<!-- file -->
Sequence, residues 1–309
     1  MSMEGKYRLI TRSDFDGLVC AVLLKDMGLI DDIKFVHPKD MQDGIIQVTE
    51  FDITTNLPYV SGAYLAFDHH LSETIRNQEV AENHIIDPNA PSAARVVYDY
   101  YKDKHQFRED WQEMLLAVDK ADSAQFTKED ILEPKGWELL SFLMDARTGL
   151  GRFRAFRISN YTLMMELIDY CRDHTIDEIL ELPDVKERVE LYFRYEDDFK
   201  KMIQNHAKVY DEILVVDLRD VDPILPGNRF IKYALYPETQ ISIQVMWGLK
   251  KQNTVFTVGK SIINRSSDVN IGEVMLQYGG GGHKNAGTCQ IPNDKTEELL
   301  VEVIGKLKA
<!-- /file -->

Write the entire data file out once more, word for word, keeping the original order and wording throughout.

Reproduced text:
Sequence, residues 1–309
     1  MSMEGKYRLI TRSDFDGLVC AVLLKDMGLI DDIKFVHPKD MQDGIIQVTE
    51  FDITTNLPYV SGAYLAFDHH LSETIRNQEV AENHIIDPNA PSAARVVYDY
   101  YKDKHQFRED WQEMLLAVDK ADSAQFTKED ILEPKGWELL SFLMDARTGL
   151  GRFRAFRISN YTLMMELIDY CRDHTIDEIL ELPDVKERVE LYFRYEDDFK
   201  KMIQNHAKVY DEILVVDLRD VDPILPGNRF IKYALYPETQ ISIQVMWGLK
   251  KQNTVFTVGK SIINRSSDVN IGEVMLQYGG GGHKNAGTCQ IPNDKTEELL
   301  VEVIGKLKA